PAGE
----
**TL;DR: For < 100 rows, use **`apply()`

as Paul demonstrates; For > 100 rows, use my method 2 below.

## Method 1: Use vector operations to convert the R, G, B integers to hex numbers digit-by-digit

Instead of iterating or `apply`

, we can use Pandas' vectorized methods.

We can leverage the fact a R/G/B value is in the range 0-255 and will only be two hex digits

```
dec_to_hex_digits = pd.DataFrame([f"{x:x}" for x in range(16)], columns=["hex"], dtype="string")
def int_to_hex(c: pd.Series) -> pd.Series:
d0 = c % 16 # Get value of 16**0 place digit
d1 = (c - d0) // 16 # Get value of 16**1 place digit
# Convert the integers to hex digits
d0_h = dec_to_hex_digits.loc[d0, "hex"]
d1_h = dec_to_hex_digits.loc[d1, "hex"]
# Reindex to original indices
d0_h.index = c.index
d1_h.index = c.index
# Concatenate digits and return
return d1_h.str.cat(d0_h)
```

Then, we can just concatenate the red, green, and blue hex values:

```
def rgb_to_hex_vec(red: pd.Series, green: pd.Series, blue: pd.Series) -> pd.Series:
return int_to_hex(red) + int_to_hex(green) + int_to_hex(blue)
```

Testing:

```
df = pd.DataFrame({'R':[152,186,86], 'G':[112,191,121], 'B':[85,222,180] })
df["rgb"] = "#" + rgb_to_hex(df["R"], df["G"], df["B"])
```

gives:

```
R G B rgb
0 152 112 85 #987055
1 186 191 222 #babfde
2 86 121 180 #5679b4
```

## Method 2: Use a lookup table containing numbers from 0 to 255

Since we only have 256 numbers, a lookup table isn't *that* enormous. It's easy enough to create just like the single-digit hex lookup table from method 1 above.

```
# Note the format string pads the hex numbers to 2 digits
dec_to_hex_nums = pd.DataFrame({"hex": [f"{x:02x}" for x in range(256)]}, dtype=str)
def rgb_to_hex_lookup(red: pd.Series, green: pd.Series, blue: pd.Series) -> pd.Series:
# Look everything up
rr = dec_to_hex_nums.loc[red, "hex"]
gg = dec_to_hex_nums.loc[green, "hex"]
bb = dec_to_hex_nums.loc[blue, "hex"]
# Reindex
rr.index = red.index
gg.index = green.index
bb.index = blue.index
# Concatenate and return
return rr + gg + bb
```

## Benchmarks

Timing these approaches and comparing against the `.apply`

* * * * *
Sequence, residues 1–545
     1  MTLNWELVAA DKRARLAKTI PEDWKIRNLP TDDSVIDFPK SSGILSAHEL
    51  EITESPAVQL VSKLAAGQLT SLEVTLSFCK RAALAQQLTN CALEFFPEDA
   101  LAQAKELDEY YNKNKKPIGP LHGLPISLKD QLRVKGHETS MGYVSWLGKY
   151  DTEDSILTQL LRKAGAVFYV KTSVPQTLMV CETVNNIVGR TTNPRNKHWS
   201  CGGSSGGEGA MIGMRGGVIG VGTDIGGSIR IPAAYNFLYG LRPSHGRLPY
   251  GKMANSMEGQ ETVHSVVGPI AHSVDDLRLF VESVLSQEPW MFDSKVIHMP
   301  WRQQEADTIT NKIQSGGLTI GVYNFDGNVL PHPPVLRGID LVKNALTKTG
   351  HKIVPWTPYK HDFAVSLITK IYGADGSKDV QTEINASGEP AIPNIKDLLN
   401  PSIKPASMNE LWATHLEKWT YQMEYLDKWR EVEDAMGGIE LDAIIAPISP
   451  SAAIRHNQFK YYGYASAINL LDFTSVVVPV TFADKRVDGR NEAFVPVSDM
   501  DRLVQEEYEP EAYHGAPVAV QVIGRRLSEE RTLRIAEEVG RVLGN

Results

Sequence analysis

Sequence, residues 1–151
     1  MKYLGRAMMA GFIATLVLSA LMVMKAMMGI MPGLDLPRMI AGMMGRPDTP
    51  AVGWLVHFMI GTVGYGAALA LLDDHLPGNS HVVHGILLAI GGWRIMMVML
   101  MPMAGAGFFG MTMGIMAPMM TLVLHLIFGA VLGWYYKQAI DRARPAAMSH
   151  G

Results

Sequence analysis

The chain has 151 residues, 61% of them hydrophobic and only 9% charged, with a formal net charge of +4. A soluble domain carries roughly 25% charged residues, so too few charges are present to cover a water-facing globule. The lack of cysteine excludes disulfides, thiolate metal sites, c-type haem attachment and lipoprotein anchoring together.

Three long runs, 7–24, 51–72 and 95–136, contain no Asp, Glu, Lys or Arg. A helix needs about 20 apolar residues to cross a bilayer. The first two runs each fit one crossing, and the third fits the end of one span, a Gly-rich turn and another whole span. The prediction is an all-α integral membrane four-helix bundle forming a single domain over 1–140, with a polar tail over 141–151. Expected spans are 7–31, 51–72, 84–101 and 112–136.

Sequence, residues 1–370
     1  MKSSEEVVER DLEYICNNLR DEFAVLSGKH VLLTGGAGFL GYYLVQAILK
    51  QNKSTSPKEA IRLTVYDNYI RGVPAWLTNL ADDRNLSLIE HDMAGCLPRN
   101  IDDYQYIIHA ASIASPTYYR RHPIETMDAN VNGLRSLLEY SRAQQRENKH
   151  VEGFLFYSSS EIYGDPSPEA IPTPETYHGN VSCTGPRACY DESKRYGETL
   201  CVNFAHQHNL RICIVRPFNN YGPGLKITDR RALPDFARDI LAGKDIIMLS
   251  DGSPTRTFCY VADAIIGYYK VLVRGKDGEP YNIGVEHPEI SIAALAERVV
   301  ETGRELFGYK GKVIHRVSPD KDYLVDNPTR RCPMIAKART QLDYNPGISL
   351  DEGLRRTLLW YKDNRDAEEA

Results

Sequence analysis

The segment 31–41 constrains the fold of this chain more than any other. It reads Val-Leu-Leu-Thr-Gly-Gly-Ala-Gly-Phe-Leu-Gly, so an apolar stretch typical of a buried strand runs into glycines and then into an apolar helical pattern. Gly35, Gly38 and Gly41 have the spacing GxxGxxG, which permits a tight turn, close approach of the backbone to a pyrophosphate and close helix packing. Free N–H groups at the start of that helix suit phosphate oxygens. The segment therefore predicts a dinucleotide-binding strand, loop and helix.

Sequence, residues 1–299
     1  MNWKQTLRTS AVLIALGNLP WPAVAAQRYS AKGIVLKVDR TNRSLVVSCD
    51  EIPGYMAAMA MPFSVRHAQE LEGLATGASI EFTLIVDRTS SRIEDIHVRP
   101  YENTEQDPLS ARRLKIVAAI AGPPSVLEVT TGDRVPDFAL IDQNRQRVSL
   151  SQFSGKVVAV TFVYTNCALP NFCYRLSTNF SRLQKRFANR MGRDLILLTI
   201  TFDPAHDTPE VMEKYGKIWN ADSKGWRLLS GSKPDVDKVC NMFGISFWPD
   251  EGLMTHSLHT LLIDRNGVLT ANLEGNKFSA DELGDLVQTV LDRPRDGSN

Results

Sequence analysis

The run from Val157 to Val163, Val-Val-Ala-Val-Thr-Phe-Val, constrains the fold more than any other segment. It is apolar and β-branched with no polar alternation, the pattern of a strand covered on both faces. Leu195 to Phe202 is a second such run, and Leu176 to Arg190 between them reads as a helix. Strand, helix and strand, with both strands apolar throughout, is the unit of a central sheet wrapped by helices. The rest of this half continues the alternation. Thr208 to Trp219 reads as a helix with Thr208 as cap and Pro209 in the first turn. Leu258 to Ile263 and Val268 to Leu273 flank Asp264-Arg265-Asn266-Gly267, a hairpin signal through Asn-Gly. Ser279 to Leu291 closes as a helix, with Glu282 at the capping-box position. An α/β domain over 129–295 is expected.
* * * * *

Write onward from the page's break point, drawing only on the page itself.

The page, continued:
method, I get the following results:

For smaller dataframes (< 100 rows), `.apply`

is significantly (~5x) faster than the first vectorized method, and ~2x faster than the lookup approach. This is unsurprising -- the overhead in creating all those extra Series objects adds up, so if you have a small number of elements you might as well use `apply`

, which operates one row at a time. `.apply`

remains faster than the vectorized approach up to ~1000 rows.

As the size of the dataframe increases (> 1k rows), the vectorized approach is consistently ~4x faster than `apply`

, and the lookup approach is more than an order of magnitude faster.

**Conclusion:** Since we only have 256 possible values for each primary color, it is significantly_ faster to just use a lookup table to convert the decimal value to hex, and concatenate them, for dataframes of significant size (> 100 rows). For smaller dataframes, `.apply`

your `rgb_to_hex`

function to each row.

## Appendix: Timing and plotting code

```
import timeit
import numpy as np
from matplotlib import pyplot as plt
#%% Define extra functions
def rgb_to_hex(red, green, blue):
"""Return color as #rrggbb for the given color values."""
return '#%02x%02x%02x' % (red, green, blue)
def func_vec(df):
return "#" + rgb_to_hex_vec(df["R"], df["G"], df["B"])
def func_apply(df):
return df.apply(lambda r: rgb_to_hex(*r), axis=1)
def func_lookup(df):
return "#" + rgb_to_hex_lookup(df["R"], df["G"], df["B"])
#%% Set up timing control
funcs = [func_vec, func_apply, func_lookup]
N = 10
sizes = [1, 10, 100, 500, 1000, 5000, 10_000, 50_000, 100_000, 500_000, 1_000_000]
times = np.zeros((len(sizes), len(funcs)))
#%% Run funcs and time
for i, s in enumerate(sizes):
df = pd.DataFrame({c: np.random.randint(0, 256, (s,)) for c in "RGB"})
for j, f in enumerate(funcs):
times[i, j] = timeit.timeit("f(df)", globals=globals(), number=N) / N
print(f"{i}\t{j}\t{times[i, j]}")
#%% Plot
fig, ax = plt.subplots()
for j, f in enumerate(funcs):
ax.plot(sizes, times[:, j], label=f.__name__)
ax.set_xlabel("Dataframe size")
ax.set_ylabel("Time per run (s)")
ax.set_xscale("log")
ax.set_yscale("log")
ax.grid()
ax.legend()
fig.tight_layout()
```

My `times`

array is:

```
array([[6.10225860e-03, 7.82125700e-04, 1.85535800e-03],
[6.61873300e-03, 8.52286000e-04, 1.84020970e-03],
[6.78867620e-03, 1.54506480e-03, 1.90147520e-03],
[8.48029180e-03, 5.30038540e-03, 2.08237630e-03],
[7.84849770e-03, 9.26545150e-03, 2.16718480e-03],
[1.59062129e-02, 4.11019214e-02, 3.62331420e-03],
[2.34676019e-02, 7.93717382e-02, 6.79325230e-03],
[9.42278390e-02, 3.89326700e-01, 2.62593851e-02],
[1.81760045e-01, 7.82542864e-01, 5.41926950e-02],
[9.42876875e-01, 3.99834750e+00, 2.60429247e-01],
[2.01807942e+00, 8.62860848e+00, 5.02780442e-01]])
```

`'#%02x%02x%02x' % (red, green, blue)`

expects scalars, no sequences. You need to either`apply`

this function to each row in the dataframe, or write your own loop. Alternatively, matplotlib`colors`

API probably has a function that will operate on sequences